Malaysian hospitality and gambling conglomerate Genting Group took Miami by storm back in 2011 by buying up the old Miami Herald building and a bunch of surrounding properties with plans to build a major destination resort and casino. Those plans were scrapped after lawmakers refused to rewrite gambling laws, and we were left with only vague hints of things to come. (The company is probably still holding out hope the state legislature will expand gambling in the state.)
Besides tearing down the Herald building, Genting hasn't done much with the property since. Hey, when you're a giant conglomerate headquartered half a world away with real estate all across the globe, sometimes it's easy to forget about some land, even if it is in the middle of an otherwise booming downtown area.
Well, Genting finally appears like it's ready to do something on the bay front. It purchased the historic Boulevard Shops building on 14th Street and Biscayne Boulevard as part of its spree and is looking to renovate the place.
The Next Miami got a hold of the proposed plans. They're up above. Here's what the site, adjacent to the Adrienne Arsht Center, currently looks like via Google Maps.
It's not a drastic renovation, at least from the outside. Genting is only putting $2.5 million into the makeover. The building is also designated historic by Miami's historic preservation program, meaning it can't be gutted too completely.
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The building, also known as the Shrine Building because it was home to the Mahi Shriners during its earliest history, dates back to 1930 and was designed by Miami architect Robert Law Weed.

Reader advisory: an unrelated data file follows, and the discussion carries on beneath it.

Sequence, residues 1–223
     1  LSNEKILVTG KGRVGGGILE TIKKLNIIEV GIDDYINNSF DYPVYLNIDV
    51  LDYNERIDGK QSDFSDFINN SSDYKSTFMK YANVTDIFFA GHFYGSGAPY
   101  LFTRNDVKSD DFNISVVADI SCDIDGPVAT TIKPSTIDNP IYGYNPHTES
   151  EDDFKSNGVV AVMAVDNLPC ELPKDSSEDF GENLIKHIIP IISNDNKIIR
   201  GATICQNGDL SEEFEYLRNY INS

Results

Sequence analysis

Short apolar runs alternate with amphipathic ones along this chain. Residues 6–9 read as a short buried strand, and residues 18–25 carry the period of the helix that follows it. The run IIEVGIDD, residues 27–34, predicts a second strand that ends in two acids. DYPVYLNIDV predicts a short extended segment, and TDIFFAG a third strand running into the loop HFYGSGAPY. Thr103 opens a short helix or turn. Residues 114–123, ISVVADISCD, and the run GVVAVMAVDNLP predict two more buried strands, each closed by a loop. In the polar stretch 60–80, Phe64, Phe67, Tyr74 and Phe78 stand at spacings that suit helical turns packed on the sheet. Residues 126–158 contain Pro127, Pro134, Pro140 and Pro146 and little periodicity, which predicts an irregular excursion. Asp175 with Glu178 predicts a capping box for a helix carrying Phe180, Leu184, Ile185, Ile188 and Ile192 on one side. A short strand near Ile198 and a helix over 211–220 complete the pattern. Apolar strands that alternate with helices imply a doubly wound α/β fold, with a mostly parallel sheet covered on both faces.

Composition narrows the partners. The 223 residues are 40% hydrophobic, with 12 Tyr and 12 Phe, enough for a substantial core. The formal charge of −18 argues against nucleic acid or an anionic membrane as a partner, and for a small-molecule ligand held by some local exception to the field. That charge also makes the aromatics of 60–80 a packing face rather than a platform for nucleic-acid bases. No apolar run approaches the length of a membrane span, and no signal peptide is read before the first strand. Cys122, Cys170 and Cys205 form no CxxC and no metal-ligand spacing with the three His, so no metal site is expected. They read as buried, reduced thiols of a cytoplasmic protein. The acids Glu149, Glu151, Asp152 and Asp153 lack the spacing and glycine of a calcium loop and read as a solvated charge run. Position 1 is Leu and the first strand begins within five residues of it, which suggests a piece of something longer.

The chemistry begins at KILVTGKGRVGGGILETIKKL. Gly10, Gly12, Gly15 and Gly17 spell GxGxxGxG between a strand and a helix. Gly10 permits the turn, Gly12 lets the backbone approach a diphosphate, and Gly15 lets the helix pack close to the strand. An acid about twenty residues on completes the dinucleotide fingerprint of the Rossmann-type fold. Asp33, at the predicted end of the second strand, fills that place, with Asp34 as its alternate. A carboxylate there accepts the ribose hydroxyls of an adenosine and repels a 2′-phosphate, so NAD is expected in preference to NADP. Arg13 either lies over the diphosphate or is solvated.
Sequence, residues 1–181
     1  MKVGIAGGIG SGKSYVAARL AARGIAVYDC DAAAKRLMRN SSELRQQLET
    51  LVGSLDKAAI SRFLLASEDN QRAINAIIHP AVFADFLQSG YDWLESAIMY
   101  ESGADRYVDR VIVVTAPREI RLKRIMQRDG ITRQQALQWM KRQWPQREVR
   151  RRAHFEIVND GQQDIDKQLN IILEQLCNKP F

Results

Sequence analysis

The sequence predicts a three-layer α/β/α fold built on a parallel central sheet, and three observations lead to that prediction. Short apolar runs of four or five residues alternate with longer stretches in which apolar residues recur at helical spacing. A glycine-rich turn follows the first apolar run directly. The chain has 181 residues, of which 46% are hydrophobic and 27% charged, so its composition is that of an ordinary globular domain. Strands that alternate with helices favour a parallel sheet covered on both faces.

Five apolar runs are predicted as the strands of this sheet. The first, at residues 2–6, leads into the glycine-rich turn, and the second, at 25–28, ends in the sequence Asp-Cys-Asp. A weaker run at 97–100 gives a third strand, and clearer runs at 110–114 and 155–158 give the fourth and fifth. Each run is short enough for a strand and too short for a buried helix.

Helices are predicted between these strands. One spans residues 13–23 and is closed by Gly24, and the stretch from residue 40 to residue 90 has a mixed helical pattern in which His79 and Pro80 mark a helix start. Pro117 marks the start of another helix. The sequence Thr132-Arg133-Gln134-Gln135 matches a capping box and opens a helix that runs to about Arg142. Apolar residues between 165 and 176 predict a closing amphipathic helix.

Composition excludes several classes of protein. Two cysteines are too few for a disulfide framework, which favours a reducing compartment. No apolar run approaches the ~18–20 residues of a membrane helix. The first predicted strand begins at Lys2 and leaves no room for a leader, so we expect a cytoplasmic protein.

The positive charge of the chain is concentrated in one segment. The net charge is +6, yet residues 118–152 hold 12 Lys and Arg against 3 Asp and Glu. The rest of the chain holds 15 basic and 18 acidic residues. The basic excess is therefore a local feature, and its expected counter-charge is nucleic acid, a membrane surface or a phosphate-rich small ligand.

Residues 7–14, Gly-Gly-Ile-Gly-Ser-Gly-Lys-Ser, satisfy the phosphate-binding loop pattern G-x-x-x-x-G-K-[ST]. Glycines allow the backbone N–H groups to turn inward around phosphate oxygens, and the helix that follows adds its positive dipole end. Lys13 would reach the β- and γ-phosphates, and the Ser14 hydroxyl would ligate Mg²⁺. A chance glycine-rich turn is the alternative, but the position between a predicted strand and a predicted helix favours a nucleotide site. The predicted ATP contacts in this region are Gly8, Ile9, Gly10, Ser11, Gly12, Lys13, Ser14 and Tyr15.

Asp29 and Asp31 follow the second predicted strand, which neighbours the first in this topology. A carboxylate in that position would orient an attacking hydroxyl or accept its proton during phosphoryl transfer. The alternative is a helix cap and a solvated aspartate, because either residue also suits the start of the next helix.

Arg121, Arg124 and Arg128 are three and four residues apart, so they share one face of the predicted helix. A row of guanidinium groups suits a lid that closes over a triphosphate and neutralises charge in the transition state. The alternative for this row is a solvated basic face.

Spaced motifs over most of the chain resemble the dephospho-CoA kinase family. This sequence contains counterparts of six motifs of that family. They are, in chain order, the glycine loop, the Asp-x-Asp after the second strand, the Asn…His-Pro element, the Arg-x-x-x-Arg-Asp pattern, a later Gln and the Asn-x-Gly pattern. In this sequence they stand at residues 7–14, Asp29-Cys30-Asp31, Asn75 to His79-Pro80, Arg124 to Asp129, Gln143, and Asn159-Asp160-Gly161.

"This sleek three-story commercial building is a striking example of the Art Deco style," is how the Historic Preservation Board describes the currently empty building. "The architect's use of Seminole Indian figures and oolitic limestone veneer gives the building a distinctive local flair. The Shrine Building was constructed as part of the Biscayne Boulevard Company's effort to develop Miami's new main thoroughfare as a major shopping area just outside of the downtown center."
Genting's filings with the city claim it will become a "recreational facility," which doesn't really mean a lot. They've hired leasing brokers Prime Sites to find potential tenants. The rendering seems to suggest that Genting certainly wouldn't mind having a restaurant taking up part of the space. The plan notes that there is also 7,800 square feet of space on the second floor for private dining. Since it's right next to the Adrienne Arsht performing arts center, it only makes sense that Genting would want to make "dinner and a show" even easier.
The building was part of the deal when Genting bought the Herald property. It also bought the nearby Omni Center and spent a grand total of about $420 million amassing properties in the area.